Legal Technology Jumps Into Police Reform

The tragedy of the killings of Breonna Taylor and George Floyd is that they weren’t particularly unique. Innocent, unarmed Black Americans are regularly killed by police across the United States and the justice system rarely ends up doing anything about it. As Judge Carlton Reeves poignantly noted, the doctrine of qualified immunity is responsible for a lot of the system’s lack of accountability, but it gets a tremendous boost from police unions whose contracts regularly set up roadblocks to gathering information about police abuse that renders future efforts to pierce immunity next to impossible.

Police reform organization Campaign Zero is working to spread awareness of common collective bargaining provisions that undermine public safety and accountability.

But what can legal tech do about a problem like this? It turns out it can do a lot.

Kira Systems, the machine learning-based contract analysis tool, provides exactly the sort of product that can sift through hundreds of lengthy police union agreements to identify key language and that’s why the company announced that it has partnered with Campaign Zero on the “Nix the 6” initiative focusing on six particularly troubling provisions that routinely appear in union deals. Earlier Campaign Zero efforts gleaned valuable insights from a number of contracts covering America’s largest cities, but as part of this new project, Campaign Zero has collected over 600 police union contracts and Law Enforcement Officers’ Bill of Rights across 20 states, which Kira will be hosting in a smart database to provide reporters with access to them in order to inform their reporting. API integrations will be built into the website for the purpose of sharing information with other interested parties. It’s the sort of supercharged contract analysis that Kira was built for.

Kira Systems founder and CEO Noah Waisberg explained, “We believe people make better decisions when they understand what’s in their contracts. That applies in the policy realm as well as the business world. This is an area where we, as a society, really need to make better decisions.”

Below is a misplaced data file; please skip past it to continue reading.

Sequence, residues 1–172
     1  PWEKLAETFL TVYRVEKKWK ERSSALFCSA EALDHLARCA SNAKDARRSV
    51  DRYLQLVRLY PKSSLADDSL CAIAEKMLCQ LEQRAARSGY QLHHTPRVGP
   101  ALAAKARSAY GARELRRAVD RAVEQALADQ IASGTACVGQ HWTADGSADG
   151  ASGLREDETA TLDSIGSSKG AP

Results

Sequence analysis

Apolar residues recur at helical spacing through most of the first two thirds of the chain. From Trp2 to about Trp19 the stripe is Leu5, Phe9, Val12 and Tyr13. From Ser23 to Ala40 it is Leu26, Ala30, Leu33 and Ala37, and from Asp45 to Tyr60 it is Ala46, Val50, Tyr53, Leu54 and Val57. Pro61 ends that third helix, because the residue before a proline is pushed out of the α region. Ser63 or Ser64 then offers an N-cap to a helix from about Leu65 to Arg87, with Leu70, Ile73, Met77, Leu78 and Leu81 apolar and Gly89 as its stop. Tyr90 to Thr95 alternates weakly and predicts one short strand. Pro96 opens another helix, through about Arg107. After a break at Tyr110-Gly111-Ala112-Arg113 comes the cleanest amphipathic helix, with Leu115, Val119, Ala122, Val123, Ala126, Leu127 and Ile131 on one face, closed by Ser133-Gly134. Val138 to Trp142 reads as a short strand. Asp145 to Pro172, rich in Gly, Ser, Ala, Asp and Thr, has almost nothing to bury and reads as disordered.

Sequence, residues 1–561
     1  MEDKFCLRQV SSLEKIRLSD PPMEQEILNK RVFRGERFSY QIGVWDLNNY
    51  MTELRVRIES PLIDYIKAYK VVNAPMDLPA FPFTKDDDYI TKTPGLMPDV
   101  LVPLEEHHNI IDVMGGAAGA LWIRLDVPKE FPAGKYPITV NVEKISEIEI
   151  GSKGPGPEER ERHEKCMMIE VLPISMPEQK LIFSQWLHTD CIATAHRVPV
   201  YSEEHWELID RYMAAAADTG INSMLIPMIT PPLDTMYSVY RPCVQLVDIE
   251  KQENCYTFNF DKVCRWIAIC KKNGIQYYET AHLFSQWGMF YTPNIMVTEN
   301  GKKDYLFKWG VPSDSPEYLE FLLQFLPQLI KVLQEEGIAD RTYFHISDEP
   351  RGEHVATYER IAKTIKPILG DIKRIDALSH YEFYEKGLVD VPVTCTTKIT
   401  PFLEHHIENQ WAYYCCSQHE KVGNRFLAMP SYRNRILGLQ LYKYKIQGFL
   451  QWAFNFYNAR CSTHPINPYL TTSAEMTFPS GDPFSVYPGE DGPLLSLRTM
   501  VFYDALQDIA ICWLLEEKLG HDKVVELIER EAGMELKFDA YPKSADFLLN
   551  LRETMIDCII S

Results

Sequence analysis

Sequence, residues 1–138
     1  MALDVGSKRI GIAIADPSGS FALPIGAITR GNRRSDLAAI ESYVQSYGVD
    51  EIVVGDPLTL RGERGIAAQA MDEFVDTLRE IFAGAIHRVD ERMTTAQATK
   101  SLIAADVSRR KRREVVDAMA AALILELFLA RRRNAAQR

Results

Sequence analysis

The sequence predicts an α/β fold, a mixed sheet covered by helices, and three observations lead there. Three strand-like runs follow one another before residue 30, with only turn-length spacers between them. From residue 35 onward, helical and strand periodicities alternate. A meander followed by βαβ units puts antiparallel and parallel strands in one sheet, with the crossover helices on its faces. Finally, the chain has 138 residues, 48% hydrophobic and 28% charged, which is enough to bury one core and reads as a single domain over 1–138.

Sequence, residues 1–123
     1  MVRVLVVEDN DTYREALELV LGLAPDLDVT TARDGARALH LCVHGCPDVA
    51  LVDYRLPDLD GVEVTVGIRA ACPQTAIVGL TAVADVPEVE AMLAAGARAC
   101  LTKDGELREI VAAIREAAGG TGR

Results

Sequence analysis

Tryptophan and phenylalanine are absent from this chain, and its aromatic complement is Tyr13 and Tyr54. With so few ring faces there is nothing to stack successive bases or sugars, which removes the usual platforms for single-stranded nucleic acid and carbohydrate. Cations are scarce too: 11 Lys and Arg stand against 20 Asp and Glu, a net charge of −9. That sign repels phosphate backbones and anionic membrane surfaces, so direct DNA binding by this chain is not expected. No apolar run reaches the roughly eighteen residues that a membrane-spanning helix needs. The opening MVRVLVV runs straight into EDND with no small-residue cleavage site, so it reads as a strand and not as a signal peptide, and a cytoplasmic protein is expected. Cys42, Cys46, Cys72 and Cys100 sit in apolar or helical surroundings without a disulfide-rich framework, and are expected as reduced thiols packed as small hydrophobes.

While organized labor has taken a vicious beating at the hands of the Supreme Court, police unions emerged relatively unscathed from the turmoil. And even though it’s nice that the right of law enforcement workers to negotiate fair wages remains largely intact, fair pay ends up a small part of police union deals bogged down by procedural perks that tend to backdoor substantive criminal justice policy into the system under the guise of collective bargaining. One might not think of erasing misconduct records as a matter for negotiation but it’s a ubiquitous provision across the country.

Campaign Zero co-founder DeRay McKesson explains:

There is a hidden system of protections that almost guarantee that policing will not change and that officers will not be held accountable for their behavior. Nix the 6’ is about breaking down the legal structures that enable police violence. Thanks to Kira’s machine-learning software, we can systematically evaluate and dismantle these contracts that stifle reform, thus making it easier to pursue fundamental change.

The six planks identified by Nix the 6 are:

  • Short expiration dates on complaints
  • Limited oversight and discipline of officers
  • Erased misconduct records
  • Police misconduct cases and consequences paid for with public funds
  • Preferential access to evidence for implicated officers
  • Unfair interrogation procedures